"At a moment when South Asian communities, women, and immigrant neighborhoods like the Lower East Side are being targeted by an evidence-averse administration, ​this exhibition will also offer an opportunity for nuanced reflection on the complex global and personal histories that shape conflicting views of our contemporary moment. Several works explore the role that archives play in creating official histories, papering over dissent and managing the disappearance of non-citizens, while others present or produce counter archives that resist such erasure and offer strategies for empowerment."

At the exhibition, an assortment of aesthetically-pleasing and personal pieces were displayed, all which provided political and social commentary on the lives of South Asian women. Here are a few examples of the pieces featured in the exhibition:

I Never "Ask for It" by Blank Noise:
Gathering together thousands of garments worn by those experiencing sexual harassment or violence, the ongoing project "counters the lie that women 'ask for it' through calmative, collectively-built testimonials reporting the truth of widespread, unchecked, unprovoked sexual aggression." The individuals who submitted clothes are labeled as "Action Heroes" -- ordinary citizen-participants taking action to tackle sexual assault. The diversity in styles -- children's cartoon t-shirts, modest cardigans, beach dresses, sweatshirts, and pajamas -- proves that "there is no outfit that women can wear that will stop what is ultimately a societal problem -- an entrenched rape culture that extends from excusing 'locker room talk,' ignoring street harassment, shame sexual assault victims, and failing to punish rapists, abusive spouses, and murderous partners to the full extend of the law." The display was supported by both text and audio clips.

 Garments Worn by Women Experiencing Sexual Harassment or Violence
Photo by Baie Rogers
 Garments Worn by Women Experiencing Sexual Harassment or Violence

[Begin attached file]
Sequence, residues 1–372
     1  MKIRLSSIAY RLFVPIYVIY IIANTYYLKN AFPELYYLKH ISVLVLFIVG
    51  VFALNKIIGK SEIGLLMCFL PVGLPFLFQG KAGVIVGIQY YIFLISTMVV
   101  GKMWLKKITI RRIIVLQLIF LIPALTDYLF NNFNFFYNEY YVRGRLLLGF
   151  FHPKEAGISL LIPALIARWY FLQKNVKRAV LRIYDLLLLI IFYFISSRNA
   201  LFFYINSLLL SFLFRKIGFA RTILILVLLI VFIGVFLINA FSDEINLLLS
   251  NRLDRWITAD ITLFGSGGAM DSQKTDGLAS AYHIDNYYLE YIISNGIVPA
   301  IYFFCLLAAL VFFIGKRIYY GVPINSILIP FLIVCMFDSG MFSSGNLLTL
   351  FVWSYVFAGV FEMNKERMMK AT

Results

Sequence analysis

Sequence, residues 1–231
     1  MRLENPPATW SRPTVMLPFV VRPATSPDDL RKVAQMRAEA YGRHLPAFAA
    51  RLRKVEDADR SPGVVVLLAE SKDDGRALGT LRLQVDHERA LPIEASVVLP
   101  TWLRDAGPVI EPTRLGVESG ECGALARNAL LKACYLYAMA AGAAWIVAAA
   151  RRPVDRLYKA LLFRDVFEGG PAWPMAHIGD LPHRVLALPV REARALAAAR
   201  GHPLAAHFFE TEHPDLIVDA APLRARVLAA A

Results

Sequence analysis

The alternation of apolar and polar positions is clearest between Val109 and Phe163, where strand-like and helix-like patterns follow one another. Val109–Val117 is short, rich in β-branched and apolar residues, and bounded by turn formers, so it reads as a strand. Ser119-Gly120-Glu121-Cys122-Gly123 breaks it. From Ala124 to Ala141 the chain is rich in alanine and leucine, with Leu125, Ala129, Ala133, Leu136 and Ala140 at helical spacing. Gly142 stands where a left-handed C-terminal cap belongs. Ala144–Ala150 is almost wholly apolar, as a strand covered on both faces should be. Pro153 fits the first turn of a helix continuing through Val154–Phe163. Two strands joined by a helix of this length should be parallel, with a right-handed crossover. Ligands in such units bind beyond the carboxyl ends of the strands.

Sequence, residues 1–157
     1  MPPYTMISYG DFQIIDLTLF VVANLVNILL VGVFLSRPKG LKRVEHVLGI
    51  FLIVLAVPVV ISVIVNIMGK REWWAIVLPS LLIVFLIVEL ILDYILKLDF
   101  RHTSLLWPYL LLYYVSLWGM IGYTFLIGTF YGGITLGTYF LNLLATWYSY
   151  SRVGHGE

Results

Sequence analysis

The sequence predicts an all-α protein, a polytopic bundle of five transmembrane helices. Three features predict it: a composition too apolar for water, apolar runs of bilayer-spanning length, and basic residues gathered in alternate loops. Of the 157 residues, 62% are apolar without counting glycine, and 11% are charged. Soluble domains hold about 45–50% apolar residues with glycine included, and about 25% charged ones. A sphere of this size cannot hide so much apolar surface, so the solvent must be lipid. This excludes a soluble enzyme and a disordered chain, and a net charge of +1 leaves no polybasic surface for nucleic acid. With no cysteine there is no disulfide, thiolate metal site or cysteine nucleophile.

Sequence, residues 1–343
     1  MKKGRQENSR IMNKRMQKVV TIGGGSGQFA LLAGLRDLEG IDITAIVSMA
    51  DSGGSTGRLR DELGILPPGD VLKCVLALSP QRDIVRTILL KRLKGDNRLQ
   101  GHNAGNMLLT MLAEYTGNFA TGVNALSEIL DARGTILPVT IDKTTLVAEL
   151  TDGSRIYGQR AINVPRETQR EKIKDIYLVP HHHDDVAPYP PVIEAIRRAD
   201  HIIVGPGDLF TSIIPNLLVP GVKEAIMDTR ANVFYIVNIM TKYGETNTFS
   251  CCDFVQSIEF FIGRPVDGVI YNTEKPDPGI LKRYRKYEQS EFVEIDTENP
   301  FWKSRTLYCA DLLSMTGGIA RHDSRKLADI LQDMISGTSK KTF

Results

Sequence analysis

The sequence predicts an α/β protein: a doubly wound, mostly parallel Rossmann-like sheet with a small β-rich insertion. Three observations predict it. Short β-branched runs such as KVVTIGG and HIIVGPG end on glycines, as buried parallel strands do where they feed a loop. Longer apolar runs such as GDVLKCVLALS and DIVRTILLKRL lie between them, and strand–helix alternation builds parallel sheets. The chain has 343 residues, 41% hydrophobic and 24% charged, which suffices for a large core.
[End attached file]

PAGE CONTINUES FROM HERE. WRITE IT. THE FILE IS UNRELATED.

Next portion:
Photo by Baie Rogers
The Scheherazade Project by Amy Khoshbin*:
The Scheherazade Project is a multimedia project that "merges live performance and an original score with animated Persian illustrations, images from the Iranian Revolution, found and newly created film footage, and immersive video game tropes to explore the power of storytelling, past and present." To view the entire feature, please feel free to click the link provided:

A Snippet from the Video
Photo by Baie Rogers
Another Snippet from the Video
Photo by Bob Lee
*The AAAC has written an extended piece about Amy Khoshbin. Please feel free to find the post on our blog.

Past and Present by Zinnia Naqvi:
Naqvi's series "uses family albums as a dynamic archives through which intergenerational identity construction and legacies of migration can be more precisely understood." There are two sets of photographs: one is an archival image that presents an migrant parent standing in their countries of origin; the second photograph is Naqvi's attempt to restage the original photograph using the parent's children. The process "reveals resonances that derive not only from familial resemblance, but from the children's tendency to be drawn towards or to create environments that offer points of connectivity."

Zinnia Naqvi's Project Past and Present
Image From Booklet
A Close Up
Photo by Bob Lee
Troy Towers by Patience Rustomji: